He pleaded not guilty and remained held without bail after his arrest.

Prosecutors estimated Gosnell ended hundreds of pregnancies by inducing labor and cutting the babies' spinal cords and caused scores of women to suffer infections and permanent internal injuries, but they said they couldn't prosecute more cases because he destroyed files.

Eight clinic workers including Gosnell's wife, a beautician accused of helping him perform illegal third-term abortions, pleaded guilty various crimes. Three of Gosnell's staffers, including an unlicensed medical school graduate and a woman with a sixth-grade education, pleaded guilty to third-degree murder for their roles in the woman's overdose death or for cutting babies in the back of the neck to ensure their demise.

Gosnell still faces federal drug charges for running what investigators said was a "pill mill" at his street-corner clinic, where they allege a steady stream of people paid for painkiller prescriptions.

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THE REACTION

Abortion-rights and anti-abortion activists alike have decried Gosnell's alleged offenses from the time of his arrest in 2011. The case added fuel to the heated national debate over late-term abortions and oversight of providers.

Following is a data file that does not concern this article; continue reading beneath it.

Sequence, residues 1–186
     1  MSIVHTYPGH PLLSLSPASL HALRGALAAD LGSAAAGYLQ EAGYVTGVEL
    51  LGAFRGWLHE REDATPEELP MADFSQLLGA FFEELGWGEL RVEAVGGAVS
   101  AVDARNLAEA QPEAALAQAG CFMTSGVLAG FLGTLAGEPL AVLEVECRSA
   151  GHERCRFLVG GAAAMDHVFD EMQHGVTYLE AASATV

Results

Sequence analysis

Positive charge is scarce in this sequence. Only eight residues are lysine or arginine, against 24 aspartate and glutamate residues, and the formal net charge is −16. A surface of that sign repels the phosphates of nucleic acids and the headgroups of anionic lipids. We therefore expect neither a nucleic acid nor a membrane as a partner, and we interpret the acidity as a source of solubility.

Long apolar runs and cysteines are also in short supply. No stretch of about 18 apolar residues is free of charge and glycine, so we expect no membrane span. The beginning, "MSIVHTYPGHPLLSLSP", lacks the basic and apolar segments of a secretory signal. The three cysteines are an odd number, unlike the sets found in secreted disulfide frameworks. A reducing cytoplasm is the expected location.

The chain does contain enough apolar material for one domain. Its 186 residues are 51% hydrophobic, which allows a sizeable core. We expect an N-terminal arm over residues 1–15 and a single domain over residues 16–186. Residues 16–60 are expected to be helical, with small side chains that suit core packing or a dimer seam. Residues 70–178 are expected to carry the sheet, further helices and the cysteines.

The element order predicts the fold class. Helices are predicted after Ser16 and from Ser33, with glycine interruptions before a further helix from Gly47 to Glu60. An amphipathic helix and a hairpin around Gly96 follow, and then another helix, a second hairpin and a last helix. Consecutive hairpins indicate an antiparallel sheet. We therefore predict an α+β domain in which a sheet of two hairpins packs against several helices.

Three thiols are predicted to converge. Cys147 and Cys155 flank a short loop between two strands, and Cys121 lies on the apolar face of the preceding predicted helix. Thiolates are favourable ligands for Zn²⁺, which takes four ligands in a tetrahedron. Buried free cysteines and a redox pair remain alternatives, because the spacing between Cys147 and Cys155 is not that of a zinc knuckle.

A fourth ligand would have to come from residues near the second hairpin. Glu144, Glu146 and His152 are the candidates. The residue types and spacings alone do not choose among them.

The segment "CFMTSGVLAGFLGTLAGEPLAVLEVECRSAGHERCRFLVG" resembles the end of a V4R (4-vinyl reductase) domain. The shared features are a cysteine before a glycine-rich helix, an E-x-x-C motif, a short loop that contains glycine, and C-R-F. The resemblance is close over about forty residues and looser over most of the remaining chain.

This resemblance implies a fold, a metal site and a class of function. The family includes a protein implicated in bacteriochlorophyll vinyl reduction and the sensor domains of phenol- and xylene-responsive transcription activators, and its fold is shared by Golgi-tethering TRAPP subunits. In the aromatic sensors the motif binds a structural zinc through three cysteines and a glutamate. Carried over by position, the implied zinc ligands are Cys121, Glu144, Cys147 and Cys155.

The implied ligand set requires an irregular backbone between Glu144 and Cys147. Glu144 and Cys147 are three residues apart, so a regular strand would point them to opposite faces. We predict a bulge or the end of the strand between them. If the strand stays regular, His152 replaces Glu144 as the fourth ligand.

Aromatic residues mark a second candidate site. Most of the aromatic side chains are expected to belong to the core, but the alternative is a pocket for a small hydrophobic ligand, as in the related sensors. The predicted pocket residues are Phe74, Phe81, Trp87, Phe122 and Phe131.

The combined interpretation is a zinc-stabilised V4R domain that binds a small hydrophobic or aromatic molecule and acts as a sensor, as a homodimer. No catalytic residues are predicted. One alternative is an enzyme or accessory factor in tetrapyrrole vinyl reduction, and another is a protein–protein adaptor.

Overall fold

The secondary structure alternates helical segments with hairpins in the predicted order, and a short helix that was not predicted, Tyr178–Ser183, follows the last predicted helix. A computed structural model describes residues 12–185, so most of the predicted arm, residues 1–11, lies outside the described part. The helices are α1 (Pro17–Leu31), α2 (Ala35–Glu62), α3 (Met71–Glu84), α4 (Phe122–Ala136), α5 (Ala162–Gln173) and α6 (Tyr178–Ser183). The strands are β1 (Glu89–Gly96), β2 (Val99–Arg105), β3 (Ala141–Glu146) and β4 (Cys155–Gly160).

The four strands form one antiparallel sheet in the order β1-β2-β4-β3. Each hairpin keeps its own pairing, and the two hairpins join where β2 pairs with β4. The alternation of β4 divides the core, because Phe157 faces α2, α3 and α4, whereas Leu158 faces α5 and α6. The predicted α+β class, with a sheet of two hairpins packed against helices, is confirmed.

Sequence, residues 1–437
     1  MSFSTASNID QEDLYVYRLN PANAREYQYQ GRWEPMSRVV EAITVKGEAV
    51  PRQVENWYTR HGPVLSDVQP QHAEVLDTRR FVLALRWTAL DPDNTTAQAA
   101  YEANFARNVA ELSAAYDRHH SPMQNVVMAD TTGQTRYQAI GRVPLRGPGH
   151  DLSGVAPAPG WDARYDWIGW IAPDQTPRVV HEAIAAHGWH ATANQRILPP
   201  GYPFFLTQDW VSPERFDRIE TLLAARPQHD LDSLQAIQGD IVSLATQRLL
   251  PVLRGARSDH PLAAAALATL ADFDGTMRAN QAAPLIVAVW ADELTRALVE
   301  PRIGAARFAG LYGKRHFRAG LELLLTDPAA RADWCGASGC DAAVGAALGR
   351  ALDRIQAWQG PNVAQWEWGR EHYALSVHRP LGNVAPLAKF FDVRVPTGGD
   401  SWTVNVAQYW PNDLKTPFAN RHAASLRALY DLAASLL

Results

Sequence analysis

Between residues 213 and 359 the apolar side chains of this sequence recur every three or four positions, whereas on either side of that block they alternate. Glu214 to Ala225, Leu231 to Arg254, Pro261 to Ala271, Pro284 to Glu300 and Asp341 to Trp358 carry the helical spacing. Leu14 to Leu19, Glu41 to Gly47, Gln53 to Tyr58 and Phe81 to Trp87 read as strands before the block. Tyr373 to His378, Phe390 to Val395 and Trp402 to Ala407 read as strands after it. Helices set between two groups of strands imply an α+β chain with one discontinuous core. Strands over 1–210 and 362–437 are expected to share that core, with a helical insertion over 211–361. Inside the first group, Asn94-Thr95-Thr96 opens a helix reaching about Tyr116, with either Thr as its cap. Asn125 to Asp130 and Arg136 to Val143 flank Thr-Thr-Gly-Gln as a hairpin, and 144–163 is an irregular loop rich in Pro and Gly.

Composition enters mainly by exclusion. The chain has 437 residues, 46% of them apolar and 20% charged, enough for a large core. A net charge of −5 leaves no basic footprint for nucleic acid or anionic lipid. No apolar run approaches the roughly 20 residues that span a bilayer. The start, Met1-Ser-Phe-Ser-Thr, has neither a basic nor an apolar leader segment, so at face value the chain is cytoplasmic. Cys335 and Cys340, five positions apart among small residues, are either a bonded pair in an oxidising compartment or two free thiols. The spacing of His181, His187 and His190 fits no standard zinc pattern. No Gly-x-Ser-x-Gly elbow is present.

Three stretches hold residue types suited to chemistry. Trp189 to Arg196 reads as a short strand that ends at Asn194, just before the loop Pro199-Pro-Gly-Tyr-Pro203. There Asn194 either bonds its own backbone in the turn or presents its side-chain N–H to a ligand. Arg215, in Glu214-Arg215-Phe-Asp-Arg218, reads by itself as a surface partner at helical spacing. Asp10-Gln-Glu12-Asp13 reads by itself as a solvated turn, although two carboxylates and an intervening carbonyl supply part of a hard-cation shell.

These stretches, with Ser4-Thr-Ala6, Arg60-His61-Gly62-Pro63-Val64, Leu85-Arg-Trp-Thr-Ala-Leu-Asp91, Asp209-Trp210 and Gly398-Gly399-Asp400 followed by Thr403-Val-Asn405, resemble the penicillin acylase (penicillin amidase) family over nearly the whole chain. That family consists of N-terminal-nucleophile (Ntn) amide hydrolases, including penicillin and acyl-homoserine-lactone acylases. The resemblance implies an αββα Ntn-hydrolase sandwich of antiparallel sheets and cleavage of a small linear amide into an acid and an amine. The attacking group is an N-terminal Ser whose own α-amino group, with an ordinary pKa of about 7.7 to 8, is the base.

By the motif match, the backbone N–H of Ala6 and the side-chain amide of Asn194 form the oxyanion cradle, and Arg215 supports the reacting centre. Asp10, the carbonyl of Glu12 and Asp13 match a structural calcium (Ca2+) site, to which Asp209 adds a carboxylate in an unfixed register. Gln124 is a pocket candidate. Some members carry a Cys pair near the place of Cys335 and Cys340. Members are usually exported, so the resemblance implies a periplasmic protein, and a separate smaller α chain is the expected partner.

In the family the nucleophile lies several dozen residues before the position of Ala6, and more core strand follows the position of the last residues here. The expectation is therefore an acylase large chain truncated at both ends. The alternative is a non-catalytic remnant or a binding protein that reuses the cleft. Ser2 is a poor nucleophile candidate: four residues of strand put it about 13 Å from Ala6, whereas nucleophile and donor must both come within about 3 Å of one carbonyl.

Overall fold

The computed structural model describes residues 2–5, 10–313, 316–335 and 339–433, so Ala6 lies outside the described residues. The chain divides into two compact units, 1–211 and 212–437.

Abortion-rights supporters have said state and local authorities apparently didn't enforce existing regulations and that women would be safer if they had more options. Anti-abortion activists have said self-policing along with regulations in many states are insufficient and that tighter restrictions are needed.

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THE DEFENSE

In an interview with the Philadelphia Daily News after the clinic was raided, Gosnell described himself as someone who wanted to serve the poor and minorities in the neighborhood where he grew up and raised his six children, who include a doctor and a college professor.

Gosnell's defense lawyer, Jack McMahon, disputed that any babies were born alive. He has suggested that the woman who died, Karnamaya Mongar, had undisclosed respiratory problems that could have caused fatal complications.

McMahon has accused officials of "a targeted, elitist and racist prosecution" and "a prosecutorial lynching" of his client, who is black, and of applying "Mayo Clinic" standards to Gosnell's inner-city, cash-only clinic. He said Gosnell performed as many as 1,000 abortions annually, and at least 16,000 over his long career, with a lower-than-average complication rate.

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THE TRIAL

During the trial, which began March 18, Gosnell's former employees testified that they were just doing what their boss trained them to do and described long, chaotic days performing gruesome work for little more than minimum wage paid under the table. An assistant testified she snipped the spines of at least 10 babies at Gosnell's direction, sobbing as she recalled taking a cellphone photograph of one baby she thought could have survived, given his size and pinkish color.